Rafael Nadal maintained his grip on the French Open by reaching another men’s singles final with a battling win over Argentina’s Diego Schwartzman.
The Spanish second seed is going for a record-extending 13th title and won 6-3 6-3 7-6 (7-0) against the 12th seed.
Nadal, 34, has only lost twice on the Roland Garros clay in his career and won all 13 of his semi-finals there.
He will face either Serb top seed Novak Djokovic or Greek fifth seed Stefanos Tsitsipas in Sunday’s final.
If Nadal lifts the Coupe des Mousquetaires trophy yet again, it will see him equal Swiss rival Roger Federer’s all-time leading record of 20 men’s Grand Slam titles.
“It is always very difficult against Diego until the end,” said Nadal.
“I am happy with the way I played, I think I have been improving and it was a very positive match for me.”
Nadal provides a sense of familiarity at an unfamiliar French Open
Everything is unfamiliar about this French Open: the tournament taking place in cooler weather after being moved because of the coronavirus pandemic, a new roof over Court Philippe Chatrier, floodlit matches going long into the night and a sparse, restricted crowd of up to 1,000 fans.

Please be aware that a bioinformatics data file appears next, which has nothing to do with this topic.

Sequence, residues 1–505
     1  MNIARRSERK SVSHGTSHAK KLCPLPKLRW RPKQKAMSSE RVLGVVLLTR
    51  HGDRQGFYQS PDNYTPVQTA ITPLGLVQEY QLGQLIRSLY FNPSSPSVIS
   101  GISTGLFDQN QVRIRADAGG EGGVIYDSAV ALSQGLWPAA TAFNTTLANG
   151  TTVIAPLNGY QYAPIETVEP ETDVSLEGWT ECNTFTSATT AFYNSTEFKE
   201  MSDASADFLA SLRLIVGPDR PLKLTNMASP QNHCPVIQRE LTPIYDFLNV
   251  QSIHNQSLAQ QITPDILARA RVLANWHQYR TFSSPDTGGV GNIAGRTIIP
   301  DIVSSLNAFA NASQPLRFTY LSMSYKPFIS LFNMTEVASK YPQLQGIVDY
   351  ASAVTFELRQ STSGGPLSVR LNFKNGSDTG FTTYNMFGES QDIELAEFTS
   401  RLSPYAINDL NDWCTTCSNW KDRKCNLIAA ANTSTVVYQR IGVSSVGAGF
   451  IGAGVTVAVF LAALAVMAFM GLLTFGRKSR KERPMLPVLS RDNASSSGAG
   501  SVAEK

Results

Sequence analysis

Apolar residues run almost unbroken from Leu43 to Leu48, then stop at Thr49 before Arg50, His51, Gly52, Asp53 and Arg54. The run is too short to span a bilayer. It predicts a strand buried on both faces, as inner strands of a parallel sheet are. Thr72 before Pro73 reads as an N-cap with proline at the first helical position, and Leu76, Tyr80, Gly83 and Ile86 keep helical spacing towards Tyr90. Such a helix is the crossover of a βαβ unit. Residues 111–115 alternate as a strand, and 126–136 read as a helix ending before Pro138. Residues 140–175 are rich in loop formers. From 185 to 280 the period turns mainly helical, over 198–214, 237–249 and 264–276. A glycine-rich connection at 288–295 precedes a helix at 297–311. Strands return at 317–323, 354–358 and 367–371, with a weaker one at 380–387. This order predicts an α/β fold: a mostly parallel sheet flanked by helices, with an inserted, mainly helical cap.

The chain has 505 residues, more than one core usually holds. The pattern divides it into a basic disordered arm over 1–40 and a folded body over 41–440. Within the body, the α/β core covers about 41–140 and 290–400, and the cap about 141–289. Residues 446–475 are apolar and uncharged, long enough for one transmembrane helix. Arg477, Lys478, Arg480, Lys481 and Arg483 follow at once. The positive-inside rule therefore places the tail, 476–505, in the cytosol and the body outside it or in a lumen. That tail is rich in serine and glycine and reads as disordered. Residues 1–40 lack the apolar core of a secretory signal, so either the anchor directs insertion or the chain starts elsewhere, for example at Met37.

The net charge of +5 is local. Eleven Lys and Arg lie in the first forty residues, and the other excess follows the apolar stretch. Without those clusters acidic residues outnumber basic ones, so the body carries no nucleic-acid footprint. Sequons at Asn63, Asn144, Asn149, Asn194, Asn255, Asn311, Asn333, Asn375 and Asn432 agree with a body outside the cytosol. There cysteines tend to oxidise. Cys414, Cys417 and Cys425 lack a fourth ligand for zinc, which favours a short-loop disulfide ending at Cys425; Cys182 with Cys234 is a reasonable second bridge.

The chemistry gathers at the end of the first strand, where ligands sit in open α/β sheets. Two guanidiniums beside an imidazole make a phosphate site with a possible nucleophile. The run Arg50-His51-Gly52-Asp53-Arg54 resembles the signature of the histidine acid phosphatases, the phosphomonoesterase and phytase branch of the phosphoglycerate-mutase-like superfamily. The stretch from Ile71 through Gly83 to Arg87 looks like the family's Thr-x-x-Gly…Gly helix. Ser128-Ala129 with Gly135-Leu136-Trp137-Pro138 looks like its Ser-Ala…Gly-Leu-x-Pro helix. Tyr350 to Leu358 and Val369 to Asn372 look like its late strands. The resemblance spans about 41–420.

Nadal working his way through the draw into the final without too many bumps is one of the few constants.
Heading into the tournament, Nadal said a lack of usual preparation for his favourite Grand Slam, the autumnal conditions in Paris and a heavier new ball provided him with the “toughest test” which he had ever faced at Roland Garros.
Aside from a tricky start against Italian teenager Jannik Sinner in the quarter-finals, it has actually been smooth progress for the Spaniard, who has yet to drop a set over the fortnight.
Schwartzman was the first seed which Nadal had faced in the tournament and, despite dropping serve in a tentative start and then twice more in a nervy finish, never looked in danger of losing in the Roland Garros last four for the first time.
Between those moments where he was troubled, Nadal started to find greater rhythm and depth with his groundstrokes, with his feared forehand looking particularly potent.
That shot came to his rescue when he needed it most in a scrap of a third set, landing three winners from that side to fight back from 40-15 down, overcoming four deuces, and hold for a 6-5 lead.
Nadal went from looking slightly hesitant to supremely confident as a result, deflating Schwartzman as the tie-break – and the match – quickly slipped out of his grasp.
There will be concerns for the Spaniard, however. Loose volleys and a barrage of unforced errors – during a spell in the third set where the players exchanged four successive breaks – showed some vulnerability.
A truer test of the 19-time major champion’s real level will come on Sunday – particularly if it is Djokovic standing on the opposite side of the net.
Djokovic is one of only two men – along with Sweden’s Robin Soderling – to have beaten Nadal at a tournament which the left-hander from Majorca has dominated since 2005.